LowCVP points the way to future freight strategy

The Low Carbon Vehicle Partnership – the stakeholder group established to accelerate the shift to low emission road transport – is overseeing a programme of robust comparative testing of the latest, most innovative commercial vehicle technologies targeted at emissions reduction and fuel saving.

While the electrification of the passenger car sector takes most of the headlines, the CV sector is often overlooked but its importance should not be understated; vans and trucks contribute over 33% of the greenhouse gas emissions from road transport.

Commissioned by Innovate – the government agency set up to drive productivity and economic growth – the LowCVP is working with key partners TRL and Millbrook, to assess the latest range of Euro VI trucks, using a representative testing process developed by Partnership experts specifically for the purpose of developing the evidence base around new CVs.

Using the new test regime, the LowCVP will help define a new category of Ultra Low Emission Trucks alongside which future incentives and policies can be based. The work will also be used to inform government policy in terms of gas-powered HGVs and will feed into discussions around the review of the fuel duty differential taking place this year.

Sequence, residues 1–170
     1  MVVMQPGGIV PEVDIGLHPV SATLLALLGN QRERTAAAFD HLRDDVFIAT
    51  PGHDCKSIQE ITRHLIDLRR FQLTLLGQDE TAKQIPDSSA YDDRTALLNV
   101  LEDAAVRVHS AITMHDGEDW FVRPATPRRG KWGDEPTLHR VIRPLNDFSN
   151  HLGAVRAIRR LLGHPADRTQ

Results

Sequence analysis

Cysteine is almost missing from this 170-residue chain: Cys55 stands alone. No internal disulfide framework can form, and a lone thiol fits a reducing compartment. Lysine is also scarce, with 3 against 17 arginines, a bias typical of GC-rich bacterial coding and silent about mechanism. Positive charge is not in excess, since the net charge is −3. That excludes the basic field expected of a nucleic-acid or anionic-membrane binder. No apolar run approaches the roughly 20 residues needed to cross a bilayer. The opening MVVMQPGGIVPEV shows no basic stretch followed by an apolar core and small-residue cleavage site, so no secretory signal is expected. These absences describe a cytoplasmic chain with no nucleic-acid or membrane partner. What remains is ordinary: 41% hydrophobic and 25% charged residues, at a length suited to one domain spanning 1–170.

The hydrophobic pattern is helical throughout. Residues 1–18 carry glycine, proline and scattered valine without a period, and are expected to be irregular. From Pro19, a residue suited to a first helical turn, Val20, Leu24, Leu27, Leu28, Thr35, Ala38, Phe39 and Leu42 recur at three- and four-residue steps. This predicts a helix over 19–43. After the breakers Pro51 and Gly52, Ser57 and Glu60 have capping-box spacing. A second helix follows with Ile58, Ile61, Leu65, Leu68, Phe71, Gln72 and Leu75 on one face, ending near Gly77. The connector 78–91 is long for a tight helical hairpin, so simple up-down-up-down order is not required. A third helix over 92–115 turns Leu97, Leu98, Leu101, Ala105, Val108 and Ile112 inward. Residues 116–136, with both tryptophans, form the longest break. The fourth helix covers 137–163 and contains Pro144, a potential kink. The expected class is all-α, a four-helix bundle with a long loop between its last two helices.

Over the coming years gas, renewable fuels and efficiency-focused technologies such as aerodynamic aids and low rolling resistance tyres can have an immediate impact on the existing fleet.

Electric trucks are starting to appear in niche areas and volumes, but gas trucks are now capturing market share and renewable fuels are becoming increasingly attractive to companies wishing to reduce their environmental footprint.

LowCVP’s active commercial vehicle working group is collaborating across sectors and working to help shape the Government’s views on future freight strategy and the role of new vehicle and fuel technologies.

In past activity, the LowCVP worked with the Energy Saving Trust (EST) to create the Clean Vehicle Retrofit Accreditation Scheme (CVRAS) to bring older trucks up to the impressive, clean Euro VI standards, enabling reductions in air pollution in support of the Government’s Clean Air Zones strategy.

On the eve of the Microlise Transport Conference, LowCVP Managing Director, Andy Eastlake, said: “Rapid action in the CV sector is vital if we are to effectively tackle climate change and air pollution.

“Low emission vehicles and fuels are set to dominate the automotive markets of the future. The Government’s Clean Growth Strategy and the Industrial Strategy – both launched recently – also highlighted the vital importance of the sector to the UK’s industrial future.

“Commercial vehicles are a vital component of that strategy and are essential in today’s society. The LowCVP aims to continue to work at the centre of the discussions around accelerating progress in the freight sector.”